Frequently Asked Questions
You are selected from a list of registered voters, licensed drivers and persons with an MVA identification card. The first time you are selected you are sent a questionnaire to determine if you qualify for jury service. You cannot serve on a jury in Baltimore City if you are not a resident of Baltimore City, have been convicted of a felony, or have a matter currently pending in the Baltimore City Circuit Court. Jurors who are qualified are selected on a random basis.
In Baltimore City, if you are selected, you are required to serve for the length of one trial. Most trials last two or three days; however some trials may take longer. The trial day usually ends at 5 p.m. If you are not selected for a trial, you are dismissed from jury service at the end of the day on which you are summoned. There may be occasions when the jury selection process lasts longer than one day and then you are required to attend a second day. You can be called once a year for jury service.
In Baltimore City, you are paid $30 a day for jury service. There are also parking and lunch discounts available at participating businesses. Click here to find out more.
There are a number of parking garages in the vicinity of the Clarence Mitchell Courthouse. Be sure you do not park at a meter or in a garage that closes early. There are also several parking facilities near the court buildings that offer discounted parking, please click here to determine participating garages. Jurors will need to present a validated jury summons and juror badge at the time of payment for these participating parking garages. You should keep the summons, but leave the juror badge with the parking attendant.
Bikes – A bike rack is located on the Calvert Street side of the Clarence M Mitchell, Jr. Court House. Jurors must not attached bikes to sign posts, utility poles, or to any Court House steps. Please use the bike on Calvert Street. The Court is not responsible for any stolen or damaged property.
While the Circuit Court is working to establish a system to care for young children and elderly adults in the future, at the current time we do not provide these services.
If I have a legitimate reason why I cannot serve on my assigned day for jury service or if I have a health issue, what should I do?
Call the Jury Commissioner at (410) 333-3775 and explain your situation. If possible, the Jury Division’s Office will select a mutually acceptable date for you to serve on jury service at that time. If you are able to serve but have some special needs let the Jury Commissioner know and the Office will try to accommodate you. If you ignore your summons you may be found in contempt after a hearing and sentenced up to 60 days imprisonment and/or $1,000 fine.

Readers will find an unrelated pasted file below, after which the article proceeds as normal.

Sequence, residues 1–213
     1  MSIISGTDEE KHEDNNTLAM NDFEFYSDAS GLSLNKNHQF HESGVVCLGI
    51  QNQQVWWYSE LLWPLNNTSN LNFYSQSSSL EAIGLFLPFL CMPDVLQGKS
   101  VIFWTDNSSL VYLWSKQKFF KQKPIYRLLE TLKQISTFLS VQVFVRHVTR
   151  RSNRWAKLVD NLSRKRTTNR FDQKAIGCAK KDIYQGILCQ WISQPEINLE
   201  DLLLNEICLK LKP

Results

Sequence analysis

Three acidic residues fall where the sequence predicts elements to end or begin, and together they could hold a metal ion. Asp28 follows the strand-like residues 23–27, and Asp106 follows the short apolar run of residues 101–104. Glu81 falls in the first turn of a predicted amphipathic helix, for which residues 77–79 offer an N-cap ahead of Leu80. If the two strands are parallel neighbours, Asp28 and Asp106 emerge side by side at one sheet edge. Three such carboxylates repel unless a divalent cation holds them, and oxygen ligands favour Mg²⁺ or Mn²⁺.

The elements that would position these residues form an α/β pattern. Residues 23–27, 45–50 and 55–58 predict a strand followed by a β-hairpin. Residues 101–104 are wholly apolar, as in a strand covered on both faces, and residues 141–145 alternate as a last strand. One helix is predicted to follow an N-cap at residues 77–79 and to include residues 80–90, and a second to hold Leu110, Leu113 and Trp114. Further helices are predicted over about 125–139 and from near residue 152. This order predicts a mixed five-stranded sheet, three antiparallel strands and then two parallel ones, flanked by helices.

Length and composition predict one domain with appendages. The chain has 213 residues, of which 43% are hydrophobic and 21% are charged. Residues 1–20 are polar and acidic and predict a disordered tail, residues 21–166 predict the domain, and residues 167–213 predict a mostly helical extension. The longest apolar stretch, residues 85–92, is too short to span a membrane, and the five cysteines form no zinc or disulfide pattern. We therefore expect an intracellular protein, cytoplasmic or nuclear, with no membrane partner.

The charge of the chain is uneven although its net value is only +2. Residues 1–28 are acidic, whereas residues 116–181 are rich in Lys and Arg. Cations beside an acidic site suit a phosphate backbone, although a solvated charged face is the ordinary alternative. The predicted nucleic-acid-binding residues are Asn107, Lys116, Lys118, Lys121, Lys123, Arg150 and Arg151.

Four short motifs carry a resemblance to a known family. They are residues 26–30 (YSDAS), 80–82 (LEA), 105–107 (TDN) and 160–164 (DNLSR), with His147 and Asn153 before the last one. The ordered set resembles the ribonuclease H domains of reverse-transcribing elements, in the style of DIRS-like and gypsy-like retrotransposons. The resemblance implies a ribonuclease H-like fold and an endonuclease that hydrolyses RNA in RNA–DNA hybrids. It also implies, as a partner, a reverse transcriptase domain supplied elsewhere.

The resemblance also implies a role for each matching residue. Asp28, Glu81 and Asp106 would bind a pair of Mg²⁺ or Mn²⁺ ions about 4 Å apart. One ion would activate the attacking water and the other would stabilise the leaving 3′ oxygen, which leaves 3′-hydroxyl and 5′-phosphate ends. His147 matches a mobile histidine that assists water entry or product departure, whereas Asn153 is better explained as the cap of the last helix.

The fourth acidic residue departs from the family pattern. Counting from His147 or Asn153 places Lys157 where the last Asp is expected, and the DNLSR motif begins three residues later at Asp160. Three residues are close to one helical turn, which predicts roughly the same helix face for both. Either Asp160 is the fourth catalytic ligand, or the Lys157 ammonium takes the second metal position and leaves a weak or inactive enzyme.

Several rooms are available for your use while waiting to be called to a courtroom for jury selection. In some rooms, movies are shown during the day. In other rooms, you may use battery-operated laptop computers. A third room is available if you need to do work that require quiet. You are also allowed to bring a cellular telephone with you while on jury service but it must be turned off and used only for out-going calls. You can bring your lunch with you; however you will be excused from the waiting rooms at lunch time and may leave the building to obtain lunch at one of the many restaurants located in the downtown area. Bathroom facilities and various food machines are available in the jury rooms for your use. Smoking is not permitted.
For Baltimore City residents that are over the age of 70 jury service is optional. If you are over 70 and decide you do not wish to be considered for jury selection, you must contact the Jury Commissioner's Office and let them know.
Before jury selection begins, the litigants are told your name, your age, your occupation, the highest level of education you achieved and your spouse's occupation. At jury selection, additional questions are asked to determine if you can be fair to both sides if you are selected to serve on the jury.
A grand Juror sits for a four month term as part of the Grand Jury, which is made up of 23 people. A member of the grand jury determines whether there is a probable cause to charge someone with a crime. A Grand Jury also can conduct its own investigations. A petit juror sits, listens to evidence in a courtroom and determines the facts in a particular case.
Proper Dress is required. Uniform type attire (e.g., medical, law enforcement, military, etc.) should not be worn for jury service. Abbreviated clothing such as shorts, muscle shirts, halter tops, bare midriff, etc., are not acceptable court attire.